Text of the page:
SENSE reconstruction without artifacts relies on accurate knowledge of the individual coil sensitivities. For sensitivity assessment, low-resolution, fully Fourier-encoded reference images are required, obtained with each array element and with a body coil.
The major negative point of parallel imaging techniques is that they diminish SNR in proportion to the numbers of reduction factors. R is the factor by which the number of k-space samples is reduced. In standard Fourier imaging reducing the sampling density results in the reduction of the FOV, causing aliasing. In fact, SENSE reconstruction in the Cartesian case is efficiently performed by first creating one such aliased image for each array element using discrete Fourier transformation (DFT).
The next step then is to create a full-FOV image from the set of intermediate images. To achieve this one must undo the signal superposition underlying the fold-over effect. That is, for each pixel in the reduced FOV the signal contributions from a number of positions in the full FOV need to be separated. These positions form a Cartesian grid corresponding to the size of the reduced FOV.
The advantages are especially true for contrast-enhanced MR imaging such as dynamic liver MRI (liver imaging) , 3 dimensional magnetic resonance angiography (3D MRA), and magnetic resonance cholangiopancreaticography (MRCP).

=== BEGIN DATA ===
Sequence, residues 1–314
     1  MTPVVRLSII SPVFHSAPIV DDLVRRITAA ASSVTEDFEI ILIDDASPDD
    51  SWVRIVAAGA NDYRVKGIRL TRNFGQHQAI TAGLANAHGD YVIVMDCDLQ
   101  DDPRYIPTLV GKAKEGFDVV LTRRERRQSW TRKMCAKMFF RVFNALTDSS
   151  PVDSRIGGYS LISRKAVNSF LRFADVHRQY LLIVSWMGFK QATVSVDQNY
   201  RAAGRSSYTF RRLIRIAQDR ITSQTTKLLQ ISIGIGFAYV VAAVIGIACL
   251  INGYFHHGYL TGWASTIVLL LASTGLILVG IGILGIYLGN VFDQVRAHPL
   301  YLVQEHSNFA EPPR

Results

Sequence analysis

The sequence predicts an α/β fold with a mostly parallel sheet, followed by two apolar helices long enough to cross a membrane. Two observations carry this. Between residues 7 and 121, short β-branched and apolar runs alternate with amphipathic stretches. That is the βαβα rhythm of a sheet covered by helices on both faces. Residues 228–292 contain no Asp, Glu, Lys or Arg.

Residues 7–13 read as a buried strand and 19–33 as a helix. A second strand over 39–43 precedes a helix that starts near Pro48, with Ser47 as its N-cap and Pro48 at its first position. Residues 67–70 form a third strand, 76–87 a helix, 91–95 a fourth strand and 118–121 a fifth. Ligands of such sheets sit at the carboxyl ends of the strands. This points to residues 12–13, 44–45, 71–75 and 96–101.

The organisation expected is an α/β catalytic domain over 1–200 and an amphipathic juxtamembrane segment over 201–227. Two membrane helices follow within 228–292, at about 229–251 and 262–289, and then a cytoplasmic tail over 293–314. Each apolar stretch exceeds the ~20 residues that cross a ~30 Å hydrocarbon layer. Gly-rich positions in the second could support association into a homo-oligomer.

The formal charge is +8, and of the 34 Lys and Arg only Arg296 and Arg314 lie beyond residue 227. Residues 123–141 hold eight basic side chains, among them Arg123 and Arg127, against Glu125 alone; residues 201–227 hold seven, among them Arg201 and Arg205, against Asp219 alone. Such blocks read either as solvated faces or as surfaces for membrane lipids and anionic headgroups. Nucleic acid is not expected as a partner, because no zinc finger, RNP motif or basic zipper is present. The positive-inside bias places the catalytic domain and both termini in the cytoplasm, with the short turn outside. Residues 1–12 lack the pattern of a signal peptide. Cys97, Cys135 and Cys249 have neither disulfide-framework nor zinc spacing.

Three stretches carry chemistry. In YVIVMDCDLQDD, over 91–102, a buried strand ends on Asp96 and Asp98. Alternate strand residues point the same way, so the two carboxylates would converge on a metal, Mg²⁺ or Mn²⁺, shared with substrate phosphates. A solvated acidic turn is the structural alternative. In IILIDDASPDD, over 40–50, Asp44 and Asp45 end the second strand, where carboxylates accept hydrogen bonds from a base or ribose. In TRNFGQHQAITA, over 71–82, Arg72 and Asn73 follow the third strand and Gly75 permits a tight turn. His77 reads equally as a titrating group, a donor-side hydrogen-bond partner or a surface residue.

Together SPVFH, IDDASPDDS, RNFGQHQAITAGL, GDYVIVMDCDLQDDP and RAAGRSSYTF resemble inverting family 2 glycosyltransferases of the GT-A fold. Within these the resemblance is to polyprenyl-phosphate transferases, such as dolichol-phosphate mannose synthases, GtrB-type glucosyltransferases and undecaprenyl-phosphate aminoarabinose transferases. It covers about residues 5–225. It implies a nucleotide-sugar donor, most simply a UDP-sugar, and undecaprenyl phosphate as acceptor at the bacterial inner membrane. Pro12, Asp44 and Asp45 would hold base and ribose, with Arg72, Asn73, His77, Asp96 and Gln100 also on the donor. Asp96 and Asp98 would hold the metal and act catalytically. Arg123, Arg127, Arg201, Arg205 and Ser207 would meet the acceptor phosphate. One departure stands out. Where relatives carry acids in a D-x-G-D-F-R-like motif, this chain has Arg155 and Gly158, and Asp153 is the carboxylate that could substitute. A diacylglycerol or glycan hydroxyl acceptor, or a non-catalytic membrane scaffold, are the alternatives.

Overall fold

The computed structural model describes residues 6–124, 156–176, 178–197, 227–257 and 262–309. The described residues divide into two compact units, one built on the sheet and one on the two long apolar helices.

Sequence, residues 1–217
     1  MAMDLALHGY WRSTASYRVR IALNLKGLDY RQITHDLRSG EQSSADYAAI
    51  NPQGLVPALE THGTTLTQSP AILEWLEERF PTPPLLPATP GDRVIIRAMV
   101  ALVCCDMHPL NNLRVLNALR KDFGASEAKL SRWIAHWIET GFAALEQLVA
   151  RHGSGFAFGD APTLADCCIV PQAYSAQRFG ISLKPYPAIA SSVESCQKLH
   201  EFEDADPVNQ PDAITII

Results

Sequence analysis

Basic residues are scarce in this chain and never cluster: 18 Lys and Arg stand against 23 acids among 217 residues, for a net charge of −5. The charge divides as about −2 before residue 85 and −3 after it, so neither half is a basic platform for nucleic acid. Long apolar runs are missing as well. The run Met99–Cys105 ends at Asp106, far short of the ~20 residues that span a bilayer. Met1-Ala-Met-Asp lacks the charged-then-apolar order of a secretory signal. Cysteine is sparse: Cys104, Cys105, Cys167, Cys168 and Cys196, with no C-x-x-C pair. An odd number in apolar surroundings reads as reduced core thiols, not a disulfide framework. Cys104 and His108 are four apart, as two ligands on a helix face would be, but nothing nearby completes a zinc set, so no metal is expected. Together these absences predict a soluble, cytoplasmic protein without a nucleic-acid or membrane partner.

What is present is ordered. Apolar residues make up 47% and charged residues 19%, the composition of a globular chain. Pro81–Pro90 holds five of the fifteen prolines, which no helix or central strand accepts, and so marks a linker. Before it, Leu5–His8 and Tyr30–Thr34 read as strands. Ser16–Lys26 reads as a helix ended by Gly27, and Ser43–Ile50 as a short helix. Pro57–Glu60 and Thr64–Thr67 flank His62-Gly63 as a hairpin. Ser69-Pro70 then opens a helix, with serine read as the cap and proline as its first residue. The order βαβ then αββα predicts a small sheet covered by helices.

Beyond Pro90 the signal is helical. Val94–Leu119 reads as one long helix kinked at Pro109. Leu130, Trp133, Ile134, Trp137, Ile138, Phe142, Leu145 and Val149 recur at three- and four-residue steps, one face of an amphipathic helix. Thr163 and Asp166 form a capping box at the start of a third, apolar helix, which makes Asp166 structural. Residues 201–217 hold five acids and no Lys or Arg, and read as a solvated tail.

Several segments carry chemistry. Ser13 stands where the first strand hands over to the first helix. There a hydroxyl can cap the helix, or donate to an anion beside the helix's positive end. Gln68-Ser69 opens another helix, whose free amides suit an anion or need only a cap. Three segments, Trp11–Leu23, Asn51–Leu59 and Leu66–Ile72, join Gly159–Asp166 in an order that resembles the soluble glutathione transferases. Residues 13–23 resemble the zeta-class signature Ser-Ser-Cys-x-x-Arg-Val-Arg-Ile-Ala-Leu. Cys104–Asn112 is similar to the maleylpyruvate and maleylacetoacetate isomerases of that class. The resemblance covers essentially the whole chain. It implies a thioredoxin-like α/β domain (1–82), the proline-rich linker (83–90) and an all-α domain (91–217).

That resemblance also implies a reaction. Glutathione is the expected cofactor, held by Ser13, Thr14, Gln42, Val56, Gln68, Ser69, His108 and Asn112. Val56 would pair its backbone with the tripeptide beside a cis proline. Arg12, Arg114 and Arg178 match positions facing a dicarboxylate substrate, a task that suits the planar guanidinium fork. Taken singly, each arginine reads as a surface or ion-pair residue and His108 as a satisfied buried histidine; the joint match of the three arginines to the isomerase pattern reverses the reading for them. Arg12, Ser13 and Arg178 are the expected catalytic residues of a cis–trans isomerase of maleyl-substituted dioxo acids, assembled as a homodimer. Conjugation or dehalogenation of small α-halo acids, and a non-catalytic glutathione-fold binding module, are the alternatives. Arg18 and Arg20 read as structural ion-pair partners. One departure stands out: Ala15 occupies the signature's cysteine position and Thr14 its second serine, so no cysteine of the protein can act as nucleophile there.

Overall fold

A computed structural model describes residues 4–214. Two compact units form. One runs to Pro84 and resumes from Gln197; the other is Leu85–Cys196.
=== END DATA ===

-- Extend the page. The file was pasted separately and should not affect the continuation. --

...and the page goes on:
The excellent scan speed of SENSE allows for acquisition of two separate sets of hepatic MR images within the time regarded as the hepatic arterial-phase (double arterial-phase technique) as well as that of multidetector CT.
SENSE can also increase the time efficiency of spatial signal encoding in 3D MRA. With SENSE, even ultrafast (sub second) 4D MRA can be realized.
For MRCP acquisition, high-resolution 3D MRCP images can be constantly provided by SENSE. This is because SENSE resolves the presence of the severe motion artifacts due to longer acquisition time. Longer acquisition time, which results in diminishing image quality, is the greatest problem for 3D MRCP imaging.
In addition, SENSE reduces the train of gradient echoes in combination with a faster k-space traversal per unit time, thereby dramatically improving the image quality of single shot echo planar imaging (i.e. T2 weighted, diffusion weighted imaging).
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• View the DATABASE results for 'Sensitivity Encoding' (12).Open this link in a new window

 
Further Reading:
  News & More:
Image Characteristics and Quality
   by www.sprawls.org    
MRI Resources 
Health - Spectroscopy - Examinations - Quality Advice - Colonography - Lung Imaging